Canada's C-Suite weighs in on worries about the Trump administration
Canadian executives are more confident than they’ve been in nearly three years amid stabilizing oil prices, a rebound in domestic economic growth and expectations U.S. President Donald Trump’s policies will be positive for business.
In BNN’s quarterly C-Suite Survey, conducted by KPMG, 92 per cent of the 157 executives polled from Feb. 27 to March 24 said they expected their firm to post either strong or moderate growth over the next year. And 88 per cent expect Canadian economic growth over the next 12 months -- the strongest vote of confidence since October 2014.
Executives in the services sector cited changes to U.S. corporate and personal tax rates, deregulation and reduction of government bureaucracy and Trump’s pro-business stance as the largest sources of optimism. In contrast, changes to the U.S. tax code encouraged only seven per cent of respondents from the resource sector, who are much more encouraged by the U.S. president’s support for pipelines and the subsequent expectations for stronger commodity prices, along with investments in infrastructure.
Despite their optimism Trump’s policies will be pro-business, Canadian executives are taking an ambivalent view of the newly-minted president. Only nine per cent of respondents expressed a positive view of Trump, despite seven of every 10 believing their business will benefit from his policies and direction. Executives are taking a particularly dim view of Trump’s trade policy, with 62 per cent saying he’s done a poor job thus far.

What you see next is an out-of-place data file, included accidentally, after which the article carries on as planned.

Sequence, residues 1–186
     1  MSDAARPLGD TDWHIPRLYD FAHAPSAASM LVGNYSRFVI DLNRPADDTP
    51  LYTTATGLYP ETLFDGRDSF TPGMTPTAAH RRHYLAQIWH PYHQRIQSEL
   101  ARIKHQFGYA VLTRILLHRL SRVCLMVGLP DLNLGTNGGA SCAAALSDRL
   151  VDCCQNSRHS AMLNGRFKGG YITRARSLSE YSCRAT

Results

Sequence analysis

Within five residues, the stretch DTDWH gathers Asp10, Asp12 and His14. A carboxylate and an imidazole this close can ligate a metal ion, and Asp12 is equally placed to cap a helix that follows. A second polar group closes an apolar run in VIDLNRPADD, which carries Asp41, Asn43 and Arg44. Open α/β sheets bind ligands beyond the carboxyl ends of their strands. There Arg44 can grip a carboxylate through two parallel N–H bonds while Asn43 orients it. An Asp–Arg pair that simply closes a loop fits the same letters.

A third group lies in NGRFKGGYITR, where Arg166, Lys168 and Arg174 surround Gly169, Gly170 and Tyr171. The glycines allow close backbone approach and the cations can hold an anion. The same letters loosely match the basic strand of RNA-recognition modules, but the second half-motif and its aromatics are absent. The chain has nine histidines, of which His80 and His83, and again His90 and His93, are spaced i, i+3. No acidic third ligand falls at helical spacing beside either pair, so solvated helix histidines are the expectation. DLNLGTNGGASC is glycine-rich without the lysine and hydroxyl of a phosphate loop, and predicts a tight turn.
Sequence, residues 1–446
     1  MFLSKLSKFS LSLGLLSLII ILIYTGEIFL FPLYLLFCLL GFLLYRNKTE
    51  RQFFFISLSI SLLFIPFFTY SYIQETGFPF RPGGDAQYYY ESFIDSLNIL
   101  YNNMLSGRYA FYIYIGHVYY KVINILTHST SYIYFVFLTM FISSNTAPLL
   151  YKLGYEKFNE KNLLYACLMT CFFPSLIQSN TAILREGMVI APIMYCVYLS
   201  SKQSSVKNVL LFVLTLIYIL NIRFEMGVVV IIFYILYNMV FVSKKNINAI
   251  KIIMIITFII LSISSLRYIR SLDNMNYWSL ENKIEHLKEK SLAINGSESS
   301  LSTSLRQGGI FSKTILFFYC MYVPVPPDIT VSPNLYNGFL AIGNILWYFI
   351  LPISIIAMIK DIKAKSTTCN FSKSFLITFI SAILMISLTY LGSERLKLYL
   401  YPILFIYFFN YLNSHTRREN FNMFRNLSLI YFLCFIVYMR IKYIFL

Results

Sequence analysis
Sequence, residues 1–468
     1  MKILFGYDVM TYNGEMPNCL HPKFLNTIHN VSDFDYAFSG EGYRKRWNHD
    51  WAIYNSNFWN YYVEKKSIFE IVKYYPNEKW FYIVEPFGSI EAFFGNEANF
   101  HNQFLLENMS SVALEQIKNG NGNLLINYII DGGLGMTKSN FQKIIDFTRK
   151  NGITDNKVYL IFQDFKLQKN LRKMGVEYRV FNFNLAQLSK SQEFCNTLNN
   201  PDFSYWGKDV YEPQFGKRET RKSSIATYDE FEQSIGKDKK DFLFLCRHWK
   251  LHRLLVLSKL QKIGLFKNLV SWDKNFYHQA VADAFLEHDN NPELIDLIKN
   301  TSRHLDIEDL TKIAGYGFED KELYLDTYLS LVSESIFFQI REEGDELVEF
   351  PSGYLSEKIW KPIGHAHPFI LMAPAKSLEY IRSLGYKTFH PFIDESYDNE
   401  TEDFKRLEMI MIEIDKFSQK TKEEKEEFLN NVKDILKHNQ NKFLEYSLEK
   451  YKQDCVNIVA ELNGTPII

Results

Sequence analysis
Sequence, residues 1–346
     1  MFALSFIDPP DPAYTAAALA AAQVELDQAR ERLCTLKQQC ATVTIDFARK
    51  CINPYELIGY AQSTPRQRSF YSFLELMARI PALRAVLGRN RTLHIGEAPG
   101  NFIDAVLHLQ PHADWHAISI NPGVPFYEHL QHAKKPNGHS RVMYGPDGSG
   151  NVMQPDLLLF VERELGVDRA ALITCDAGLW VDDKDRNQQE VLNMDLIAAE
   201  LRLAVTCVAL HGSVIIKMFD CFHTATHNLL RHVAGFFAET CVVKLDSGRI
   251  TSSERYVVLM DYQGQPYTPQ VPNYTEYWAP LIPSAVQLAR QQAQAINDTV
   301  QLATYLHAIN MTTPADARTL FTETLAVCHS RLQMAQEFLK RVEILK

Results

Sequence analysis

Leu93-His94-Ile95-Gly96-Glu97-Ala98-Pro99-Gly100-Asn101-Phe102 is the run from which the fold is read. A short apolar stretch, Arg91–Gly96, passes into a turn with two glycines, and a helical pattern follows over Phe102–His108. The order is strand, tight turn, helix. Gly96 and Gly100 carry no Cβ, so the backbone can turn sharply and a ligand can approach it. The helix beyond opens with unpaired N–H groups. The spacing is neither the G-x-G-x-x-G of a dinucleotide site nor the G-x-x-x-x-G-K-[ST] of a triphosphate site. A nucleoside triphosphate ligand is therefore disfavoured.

Of particular concern on the trade front is the specter of restrictive trade policies, including the renegotiation of the North American Free Trade Agreement and a possible border adjustment tax. Nearly four of every 10 executives in the services sector cite NAFTA renegotiations as the biggest threat to their business, while the BAT is top of mind for the resources sector.
However, the C-Suite is urging Prime Minister Justin Trudeau to avoid poking the bear: only 35 per cent of respondents say Parliament Hill should speak out against the president when he violates values important to Canada.
Indeed, Trump’s ascension to the White House is prompting executives to call for Canada to take some of its eggs out of the American basket, with more than one-half of respondents saying Canada should prioritize new trade agreements in the Asia-Pacific region at least as much as U.S. trade talks.
But many believe they may not have to deal with him for long: 30 per cent say it’s unlikely Trump fulfills his term.